Now showing 1 - 2 of 2
  • Publication
    Eukaryotic Translation Initiation Factor 3, Subunit a, Regulates the Extracellular Signal-Regulated Kinase Pathway
    (American Society for Microbiology, 2011-10-24) ; ; ;
    The extracellular signal-regulated kinase (ERK) pathway participates in the control of numerous cellular processes, including cell proliferation. Since its activation kinetics are critical for to its biological effects, they are tightly regulated. We report that the protein translation factor, eukaryotic translation initiation factor 3, subunit a (eIF3a), binds to SHC and Raf-1, two components of the ERK pathway. The interaction of eIF3a with Raf-1 is increased by β-arrestin2 expression and transiently decreased by epidermal growth factor (EGF) stimulation in a concentration-dependent manner. The EGF-induced decrease in Raf-1–eIF3a association kinetically correlates with the time course of ERK activation. eIF3a interferes with Raf-1 activation and eIF3a downregulation by small interfering RNA enhances ERK activation, early gene expression, DNA synthesis, expression of neuronal differentiation markers in PC12 cells, and Ras-induced focus formation in NIH 3T3 cells. Thus, eIF3a is a negative modulator of ERK pathway activation and its biological effects.
      239Scopus© Citations 28
  • Publication
    Inferring Signaling Pathway Topologies from Multiple Perturbation Measurements of Specific Biochemical Species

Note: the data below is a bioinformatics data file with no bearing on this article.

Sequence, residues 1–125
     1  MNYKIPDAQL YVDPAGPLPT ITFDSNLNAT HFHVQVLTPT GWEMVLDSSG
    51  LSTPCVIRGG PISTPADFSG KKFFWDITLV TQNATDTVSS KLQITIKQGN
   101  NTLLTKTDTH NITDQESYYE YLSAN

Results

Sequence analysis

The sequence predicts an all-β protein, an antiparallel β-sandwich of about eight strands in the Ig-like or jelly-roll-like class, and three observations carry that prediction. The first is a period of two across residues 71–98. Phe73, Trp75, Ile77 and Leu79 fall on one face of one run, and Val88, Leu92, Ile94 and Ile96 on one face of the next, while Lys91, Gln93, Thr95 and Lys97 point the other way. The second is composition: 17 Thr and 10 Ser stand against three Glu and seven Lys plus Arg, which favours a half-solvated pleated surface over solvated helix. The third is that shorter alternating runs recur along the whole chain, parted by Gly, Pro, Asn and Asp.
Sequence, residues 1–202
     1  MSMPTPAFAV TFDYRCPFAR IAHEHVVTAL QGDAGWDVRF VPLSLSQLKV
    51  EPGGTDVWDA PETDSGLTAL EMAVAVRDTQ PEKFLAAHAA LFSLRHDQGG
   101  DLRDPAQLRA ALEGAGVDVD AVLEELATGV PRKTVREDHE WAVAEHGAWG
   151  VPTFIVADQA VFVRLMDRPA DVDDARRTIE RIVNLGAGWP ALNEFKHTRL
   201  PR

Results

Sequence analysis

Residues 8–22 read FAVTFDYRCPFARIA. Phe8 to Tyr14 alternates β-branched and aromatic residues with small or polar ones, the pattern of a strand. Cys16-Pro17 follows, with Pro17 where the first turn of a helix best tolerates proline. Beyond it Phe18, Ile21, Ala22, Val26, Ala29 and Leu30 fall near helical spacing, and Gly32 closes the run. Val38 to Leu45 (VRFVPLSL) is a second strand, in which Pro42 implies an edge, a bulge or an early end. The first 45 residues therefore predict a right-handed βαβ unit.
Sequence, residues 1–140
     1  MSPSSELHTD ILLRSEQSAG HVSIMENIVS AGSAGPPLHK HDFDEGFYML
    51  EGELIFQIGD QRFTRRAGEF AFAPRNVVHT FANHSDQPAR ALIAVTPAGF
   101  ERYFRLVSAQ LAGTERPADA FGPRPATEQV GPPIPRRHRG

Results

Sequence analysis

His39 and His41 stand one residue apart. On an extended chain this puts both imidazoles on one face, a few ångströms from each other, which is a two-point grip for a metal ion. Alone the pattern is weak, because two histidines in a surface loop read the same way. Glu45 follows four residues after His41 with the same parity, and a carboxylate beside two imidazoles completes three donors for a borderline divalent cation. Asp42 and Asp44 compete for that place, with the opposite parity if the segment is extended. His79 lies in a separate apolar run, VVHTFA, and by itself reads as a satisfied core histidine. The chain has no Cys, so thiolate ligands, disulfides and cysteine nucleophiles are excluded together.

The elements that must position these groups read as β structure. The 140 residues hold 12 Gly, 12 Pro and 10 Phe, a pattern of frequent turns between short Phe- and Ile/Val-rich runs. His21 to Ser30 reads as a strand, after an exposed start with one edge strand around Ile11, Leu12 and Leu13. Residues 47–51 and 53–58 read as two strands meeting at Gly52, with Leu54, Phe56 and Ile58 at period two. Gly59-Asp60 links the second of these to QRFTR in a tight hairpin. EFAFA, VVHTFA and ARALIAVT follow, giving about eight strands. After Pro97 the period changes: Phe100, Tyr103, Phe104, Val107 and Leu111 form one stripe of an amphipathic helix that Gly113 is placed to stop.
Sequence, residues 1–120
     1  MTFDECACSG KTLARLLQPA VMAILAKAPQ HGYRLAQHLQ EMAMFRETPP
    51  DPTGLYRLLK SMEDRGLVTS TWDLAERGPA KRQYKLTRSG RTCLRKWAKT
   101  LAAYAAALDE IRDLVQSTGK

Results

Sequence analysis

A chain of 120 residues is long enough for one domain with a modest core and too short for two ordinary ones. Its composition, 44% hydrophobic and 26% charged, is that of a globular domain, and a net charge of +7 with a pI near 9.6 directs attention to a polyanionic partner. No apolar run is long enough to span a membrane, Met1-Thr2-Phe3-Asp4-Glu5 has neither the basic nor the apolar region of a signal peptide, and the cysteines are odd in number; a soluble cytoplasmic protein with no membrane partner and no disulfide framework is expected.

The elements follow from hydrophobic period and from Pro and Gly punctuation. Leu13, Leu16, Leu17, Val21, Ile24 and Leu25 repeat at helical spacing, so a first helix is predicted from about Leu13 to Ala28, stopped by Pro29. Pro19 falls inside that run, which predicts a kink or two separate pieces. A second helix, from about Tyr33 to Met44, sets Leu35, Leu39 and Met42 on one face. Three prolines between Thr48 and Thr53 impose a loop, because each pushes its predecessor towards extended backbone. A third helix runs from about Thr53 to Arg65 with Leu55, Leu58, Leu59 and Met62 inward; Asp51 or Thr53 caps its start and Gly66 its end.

(American Association for the Advancement of Science, 2010-03-16) ; ; ;
    The specification of biological decisions by signaling pathways is encoded by the interplay between activation dynamics and network topologies. Although we can describe complex networks, we cannot easily determine which topology the cell actually uses to transduce a specific signal. Experimental testing of all plausible topologies is infeasible because of the combinatorially large number of experiments required to explore the complete hypothesis space. Here, we demonstrate that Bayesian inference–based modeling provides an approach to explore and constrain this hypothesis space, permitting the rational ranking of pathway models. Our approach can use measurements of a limited number of biochemical species when combined with multiple perturbations. As proof of concept, we examined the activation of the extracellular signal–regulated kinase (ERK) pathway by epidermal growth factor. The predicted and experimentally validated model shows that both Raf-1 and, unexpectedly, B-Raf are needed to fully activate ERK in two different cell lines. Thus, our formal methodology rationally infers evidentially supported pathway topologies even when a limited number of biochemical and kinetic measurements are available.
      696Scopus© Citations 66